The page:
Natural Disasters – Tsunami
- The name tsunami is derived from the Japanese word meaning harbour wave.
- Tsunami waves have very long wavelengths and are often caused by a large and sudden displacement of the ocean due to earthquakes, volcanic eruptions etc.
- They are one of the most destructive natural disasters and can cause dangerous coastal flooding and powerful currents that can last for several hours or days.
- Tsunami in the open ocean appear in the form of small waves, but grow rapidly in size as they reach shallow water.
- Tsunamis travel at a high speed in deep waters and slowdown in shallow waters.
- Tsunamis are not a single wave but come in multiple waves which can take hours to manifest.
- Run-up is the temporary rise in sea levels when a tsunami reaches the shore.
- Pacific Ocean is home to 80% of the tsunami waves that occur.
Causes of Tsunami formation
- Powerful undersea earthquakes are often responsible for the creation of tsunamis.
- According to Seismologists, only earthquakes that measure greater than 7.0 on the Richter scale have the ability to produce a major tsunami.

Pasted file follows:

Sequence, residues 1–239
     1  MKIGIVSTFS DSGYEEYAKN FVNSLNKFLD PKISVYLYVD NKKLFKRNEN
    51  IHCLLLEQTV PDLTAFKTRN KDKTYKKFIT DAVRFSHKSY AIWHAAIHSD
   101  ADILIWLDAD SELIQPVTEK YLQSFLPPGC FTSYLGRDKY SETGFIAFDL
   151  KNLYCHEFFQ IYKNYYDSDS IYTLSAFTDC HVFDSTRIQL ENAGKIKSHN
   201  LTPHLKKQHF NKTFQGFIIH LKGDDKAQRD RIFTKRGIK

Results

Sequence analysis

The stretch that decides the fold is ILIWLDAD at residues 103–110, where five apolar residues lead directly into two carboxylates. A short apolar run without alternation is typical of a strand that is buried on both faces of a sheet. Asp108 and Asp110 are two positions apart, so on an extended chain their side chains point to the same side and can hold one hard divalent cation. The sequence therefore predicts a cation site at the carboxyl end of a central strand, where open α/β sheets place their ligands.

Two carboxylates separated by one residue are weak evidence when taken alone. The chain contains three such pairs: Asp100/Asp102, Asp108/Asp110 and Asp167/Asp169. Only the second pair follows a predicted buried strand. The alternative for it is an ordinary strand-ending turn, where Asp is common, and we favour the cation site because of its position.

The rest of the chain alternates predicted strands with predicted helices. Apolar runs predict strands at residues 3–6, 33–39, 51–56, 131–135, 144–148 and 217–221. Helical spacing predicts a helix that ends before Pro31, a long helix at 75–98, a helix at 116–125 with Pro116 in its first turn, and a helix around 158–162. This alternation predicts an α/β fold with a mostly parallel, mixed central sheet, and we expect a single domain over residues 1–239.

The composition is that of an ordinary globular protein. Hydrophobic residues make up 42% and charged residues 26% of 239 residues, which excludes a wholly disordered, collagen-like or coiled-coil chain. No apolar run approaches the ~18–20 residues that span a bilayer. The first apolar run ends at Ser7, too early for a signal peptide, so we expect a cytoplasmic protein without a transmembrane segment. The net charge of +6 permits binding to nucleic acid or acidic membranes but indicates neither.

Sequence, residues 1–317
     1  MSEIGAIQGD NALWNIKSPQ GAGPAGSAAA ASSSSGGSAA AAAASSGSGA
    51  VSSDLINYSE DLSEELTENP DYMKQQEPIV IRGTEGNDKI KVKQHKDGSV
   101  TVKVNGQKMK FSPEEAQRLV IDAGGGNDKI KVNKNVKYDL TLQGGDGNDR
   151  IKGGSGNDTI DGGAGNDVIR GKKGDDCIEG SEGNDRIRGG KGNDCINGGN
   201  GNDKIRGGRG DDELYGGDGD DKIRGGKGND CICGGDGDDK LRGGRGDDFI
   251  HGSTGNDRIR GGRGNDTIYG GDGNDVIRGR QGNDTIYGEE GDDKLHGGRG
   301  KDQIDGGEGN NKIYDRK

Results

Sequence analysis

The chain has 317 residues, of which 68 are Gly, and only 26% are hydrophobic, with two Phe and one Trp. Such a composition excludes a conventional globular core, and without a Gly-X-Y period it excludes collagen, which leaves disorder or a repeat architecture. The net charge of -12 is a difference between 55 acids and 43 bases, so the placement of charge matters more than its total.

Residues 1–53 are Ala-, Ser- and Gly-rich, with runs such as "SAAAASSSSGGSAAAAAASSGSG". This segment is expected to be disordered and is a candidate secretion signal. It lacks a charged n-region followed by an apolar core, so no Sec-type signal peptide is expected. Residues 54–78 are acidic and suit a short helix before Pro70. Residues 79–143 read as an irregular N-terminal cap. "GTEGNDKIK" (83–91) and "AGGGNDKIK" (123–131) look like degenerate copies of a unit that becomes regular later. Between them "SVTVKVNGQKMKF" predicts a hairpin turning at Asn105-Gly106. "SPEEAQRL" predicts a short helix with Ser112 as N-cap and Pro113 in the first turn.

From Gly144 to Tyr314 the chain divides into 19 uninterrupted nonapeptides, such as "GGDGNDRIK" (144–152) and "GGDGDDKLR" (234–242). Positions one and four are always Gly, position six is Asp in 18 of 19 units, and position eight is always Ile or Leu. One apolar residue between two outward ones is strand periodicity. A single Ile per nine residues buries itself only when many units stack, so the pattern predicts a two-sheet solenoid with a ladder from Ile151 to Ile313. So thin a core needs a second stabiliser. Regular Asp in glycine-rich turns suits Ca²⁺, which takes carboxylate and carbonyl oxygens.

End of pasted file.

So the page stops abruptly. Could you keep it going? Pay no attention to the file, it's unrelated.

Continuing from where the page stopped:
- It should be noted that vertical displacement of the sea floor is the usual cause a tsunami while, horizontal displacement rarely causes tsunamis.
- One should also remember that all undersea earthquakes do not create tsunamis, as it depends upon the nature and degree of displacement of the seawater columns.
- Rock fall, landslides, and icefalls etc which can cause the displacement of seawater can also lead to tsunami waves.
- Underwater volcanic eruption, if powerful enough, can lead to a significant amount of seawater being abruptly displaced.
- This displacement has the potential of becoming a tsunami wave.
- US in 1940 and 1950s generated Tsunami in Marshall Island through testing their nuclear weapons underwater.
- Geographical evidences point to a meteorite impact about 5 million years ago which produced a major Tsunami leaving deposits along the Gulf Coast of Mexico and the United States.